Achieving Concurrent Behavior with JavaScript

April 19, 2020

Few things are more frustrating for users of websites than when those websites seem to freeze up and become unresponsive to user input. If this happens to one of your users when they're on your website, they will leave your site rather than be frustrated.

Why do websites freeze up? Of course, there are many reasons. But often, the culprit is the fact that JavaScript is a the programming language of the web.

Threads and Programming

Many computer processors are multi-threaded, which means that they can execute multiple instructions at the same time. Many programming languages are also multi-threaded, which means that they can directly take advantage of the multi-threaded structure of computer processors in order to let developers write programs which execute multiple instructions at once.

Unfortunately, the web browser is only able to natively execute JavaScript, which is a single-threaded programming language. This means that the JavaScript compiiler can only execute one instruction at a time, even if the computer processor in the system it is running on is multi-threaded.

For a long time, the single-threaded nature of JavaScript was not noticeable to end users because of the speed at which the web browser processes JavaScript instructions. But as the average size of websites' JavaScript bundles has grown larger over time, more and more sites have begun feeling sluggish.

This is frustrating for users especially when they can see the user interface, move their mouse and click buttons, but those actions feel like they're not being picked up by the web browser.

Unbeknownst to them, their actions are being picked up, it's just that they're being placed on the JavaScript call stack to be executed after the currently executing JavaScript on the call stack is complete.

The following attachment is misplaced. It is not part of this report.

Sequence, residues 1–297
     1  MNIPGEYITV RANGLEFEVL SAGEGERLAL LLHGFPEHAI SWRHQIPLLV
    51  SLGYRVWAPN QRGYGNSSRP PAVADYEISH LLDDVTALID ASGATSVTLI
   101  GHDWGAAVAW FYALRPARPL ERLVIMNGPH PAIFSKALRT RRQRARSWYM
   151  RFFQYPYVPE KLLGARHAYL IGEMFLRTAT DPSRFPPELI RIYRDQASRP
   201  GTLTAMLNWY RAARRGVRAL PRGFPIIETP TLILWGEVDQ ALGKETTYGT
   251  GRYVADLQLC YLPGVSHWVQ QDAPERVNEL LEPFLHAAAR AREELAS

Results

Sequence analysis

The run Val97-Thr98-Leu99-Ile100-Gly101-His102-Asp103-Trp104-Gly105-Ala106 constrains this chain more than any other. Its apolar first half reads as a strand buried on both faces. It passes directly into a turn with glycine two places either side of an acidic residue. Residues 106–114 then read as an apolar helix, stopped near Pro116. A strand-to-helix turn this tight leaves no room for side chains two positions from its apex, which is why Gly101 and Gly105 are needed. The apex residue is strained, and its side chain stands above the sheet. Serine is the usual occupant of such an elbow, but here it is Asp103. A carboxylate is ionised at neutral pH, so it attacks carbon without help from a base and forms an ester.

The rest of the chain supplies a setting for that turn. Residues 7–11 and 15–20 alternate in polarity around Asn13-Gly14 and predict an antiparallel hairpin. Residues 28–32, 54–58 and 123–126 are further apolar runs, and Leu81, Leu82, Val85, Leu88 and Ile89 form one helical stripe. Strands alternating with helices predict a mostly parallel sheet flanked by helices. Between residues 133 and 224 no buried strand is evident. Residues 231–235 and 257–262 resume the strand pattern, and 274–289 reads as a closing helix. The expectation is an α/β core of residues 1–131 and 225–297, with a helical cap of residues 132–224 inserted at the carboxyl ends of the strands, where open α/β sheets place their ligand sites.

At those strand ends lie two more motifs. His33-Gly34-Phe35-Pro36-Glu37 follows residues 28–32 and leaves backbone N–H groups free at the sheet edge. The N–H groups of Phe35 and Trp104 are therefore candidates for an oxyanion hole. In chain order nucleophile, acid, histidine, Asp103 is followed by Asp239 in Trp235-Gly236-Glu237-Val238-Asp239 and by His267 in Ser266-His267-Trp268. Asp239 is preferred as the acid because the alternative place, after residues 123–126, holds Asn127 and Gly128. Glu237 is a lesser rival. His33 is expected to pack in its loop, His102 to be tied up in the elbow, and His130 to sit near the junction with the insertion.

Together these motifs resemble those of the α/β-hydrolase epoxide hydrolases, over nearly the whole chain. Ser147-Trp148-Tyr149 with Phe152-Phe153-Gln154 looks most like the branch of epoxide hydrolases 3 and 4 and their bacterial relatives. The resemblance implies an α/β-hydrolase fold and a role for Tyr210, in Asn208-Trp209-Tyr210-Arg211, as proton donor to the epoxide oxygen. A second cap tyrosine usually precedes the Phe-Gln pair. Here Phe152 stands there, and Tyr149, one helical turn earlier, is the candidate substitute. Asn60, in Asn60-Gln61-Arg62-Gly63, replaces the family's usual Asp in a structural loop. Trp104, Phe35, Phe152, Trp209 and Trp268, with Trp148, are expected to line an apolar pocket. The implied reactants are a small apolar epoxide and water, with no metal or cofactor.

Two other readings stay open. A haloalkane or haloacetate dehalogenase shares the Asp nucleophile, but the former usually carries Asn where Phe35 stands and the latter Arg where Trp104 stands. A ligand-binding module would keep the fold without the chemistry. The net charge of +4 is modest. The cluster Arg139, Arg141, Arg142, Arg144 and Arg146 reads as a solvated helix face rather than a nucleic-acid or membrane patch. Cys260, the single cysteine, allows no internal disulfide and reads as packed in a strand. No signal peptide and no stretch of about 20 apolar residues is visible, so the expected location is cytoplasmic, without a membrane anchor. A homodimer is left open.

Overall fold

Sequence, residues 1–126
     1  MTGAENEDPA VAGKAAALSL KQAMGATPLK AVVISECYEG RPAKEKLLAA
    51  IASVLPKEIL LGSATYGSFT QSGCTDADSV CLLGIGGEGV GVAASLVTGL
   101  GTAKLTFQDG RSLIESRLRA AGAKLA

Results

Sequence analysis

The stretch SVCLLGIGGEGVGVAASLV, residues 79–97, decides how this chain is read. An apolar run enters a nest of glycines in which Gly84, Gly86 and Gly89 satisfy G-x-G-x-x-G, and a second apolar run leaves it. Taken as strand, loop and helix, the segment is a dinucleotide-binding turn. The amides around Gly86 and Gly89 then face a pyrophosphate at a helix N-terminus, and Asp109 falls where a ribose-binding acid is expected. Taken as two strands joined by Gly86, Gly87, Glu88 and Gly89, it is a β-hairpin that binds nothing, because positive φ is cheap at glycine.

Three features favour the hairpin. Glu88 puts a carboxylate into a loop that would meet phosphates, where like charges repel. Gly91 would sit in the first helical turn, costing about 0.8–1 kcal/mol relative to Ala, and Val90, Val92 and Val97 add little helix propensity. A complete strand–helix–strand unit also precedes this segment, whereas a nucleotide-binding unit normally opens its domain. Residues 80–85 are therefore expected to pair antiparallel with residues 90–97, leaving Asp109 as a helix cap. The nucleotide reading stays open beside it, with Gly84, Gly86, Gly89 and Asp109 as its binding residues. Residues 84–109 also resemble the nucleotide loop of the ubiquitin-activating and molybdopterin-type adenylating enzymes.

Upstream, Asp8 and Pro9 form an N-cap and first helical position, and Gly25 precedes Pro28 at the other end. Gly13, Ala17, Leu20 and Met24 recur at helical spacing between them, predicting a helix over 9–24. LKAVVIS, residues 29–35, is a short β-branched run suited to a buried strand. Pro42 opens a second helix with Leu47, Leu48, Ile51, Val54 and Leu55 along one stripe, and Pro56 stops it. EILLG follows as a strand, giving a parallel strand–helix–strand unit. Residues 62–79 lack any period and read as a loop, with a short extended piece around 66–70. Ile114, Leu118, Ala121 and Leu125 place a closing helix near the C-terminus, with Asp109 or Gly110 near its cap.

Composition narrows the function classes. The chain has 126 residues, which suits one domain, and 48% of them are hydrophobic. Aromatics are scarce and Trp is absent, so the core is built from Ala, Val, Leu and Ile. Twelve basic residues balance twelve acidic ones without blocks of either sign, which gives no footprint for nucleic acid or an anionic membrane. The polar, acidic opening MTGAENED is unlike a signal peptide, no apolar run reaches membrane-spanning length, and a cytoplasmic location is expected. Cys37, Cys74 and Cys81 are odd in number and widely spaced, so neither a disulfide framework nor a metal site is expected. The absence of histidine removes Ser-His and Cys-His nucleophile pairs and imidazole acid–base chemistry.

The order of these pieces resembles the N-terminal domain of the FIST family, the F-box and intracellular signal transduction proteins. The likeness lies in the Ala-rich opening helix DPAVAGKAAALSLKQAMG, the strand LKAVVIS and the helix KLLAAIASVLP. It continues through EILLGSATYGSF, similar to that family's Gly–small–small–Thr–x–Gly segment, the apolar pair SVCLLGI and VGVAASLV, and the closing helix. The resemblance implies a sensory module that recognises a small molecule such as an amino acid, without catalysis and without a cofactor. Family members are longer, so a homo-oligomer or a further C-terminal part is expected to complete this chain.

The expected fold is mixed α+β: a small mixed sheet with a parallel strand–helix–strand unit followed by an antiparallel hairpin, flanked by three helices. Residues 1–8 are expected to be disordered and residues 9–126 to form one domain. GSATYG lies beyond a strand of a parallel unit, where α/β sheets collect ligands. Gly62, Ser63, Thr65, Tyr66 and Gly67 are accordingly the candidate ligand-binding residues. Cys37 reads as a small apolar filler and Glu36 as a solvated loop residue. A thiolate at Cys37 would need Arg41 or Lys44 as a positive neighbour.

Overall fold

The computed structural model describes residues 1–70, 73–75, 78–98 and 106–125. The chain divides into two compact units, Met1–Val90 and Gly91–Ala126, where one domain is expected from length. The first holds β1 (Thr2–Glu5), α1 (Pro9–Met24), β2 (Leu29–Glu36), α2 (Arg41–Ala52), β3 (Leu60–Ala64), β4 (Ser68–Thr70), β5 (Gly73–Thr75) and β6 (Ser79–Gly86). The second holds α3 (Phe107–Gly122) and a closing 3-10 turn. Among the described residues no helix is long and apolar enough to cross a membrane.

The JavaScript Call Stack

The JavaScript runtime uses a data structure known as a call stack in order to keep track of the order in which program instructions should be executed. Stacks are a last-in, first-out data structure, which means that the last instruction which is placed on the stack is the first to be executed.

If every instruction in a program can be immediately executed, then the call stack only ever contains one instruction at a time. In this case, it is unlikely that users will notice JavaScript's single-threaded nature.

In more complex programs, executing one instruction requires the JavaScript runtime to perform other instructions first. These additional instructions are placed on the call stack after the parent instruction, which guarantees that they will be executed first.

This is a blocking operation since the stack is a last-in, first-out data structure, and is the source of user frustration with JavaScript-based sites. Rather than user input being immediately executed, like the user expects, those instructions are put on the call stack and are blocked by code that is already being executed.

The Task Queue and the Event Loop

In order to achieve concurrent behavior, developers combine the call stack of JavaScript with another data structure called a task queue. The task queue is not a part of the JavaScript language but you can access and put instructions in it using JavaScript thanks to APIs exposed by the web browser (or C++ APIs in the case of node.js on the server).

The task queue is a first-in, first-out data structure in contrast to the call stack, which is a last-in, first-out data structure. This means that the first instruction put into the task queue will be the first instruction to be removed from it.

The entity which decides when instructions should move from the task queue to the call stack is the event loop. It's job is to make sure that instructions only move from the task queue to the call stack when the call stack is empty.

By making sure that code that will prevent the user from interacting with the web site is placed in the task queue, developers make their sites much more interactive than they otherwise would be. Actions like fetching data from web servers can be postponed until after the user has interacted with the site, which makes their experience much smoother.

Asynchronous Callbacks and Concurrent Behavior with JavaScript

How do JavaScript developers place instructions into the browser's task queue rather than the JavaScript runtime's call stack?

By using asyncronous callback functions.

For example, the setTimeout() function can be used to place instructions into the browser's task queue, which means that they will only be executed once the JavaScript runtime's call stack is clear.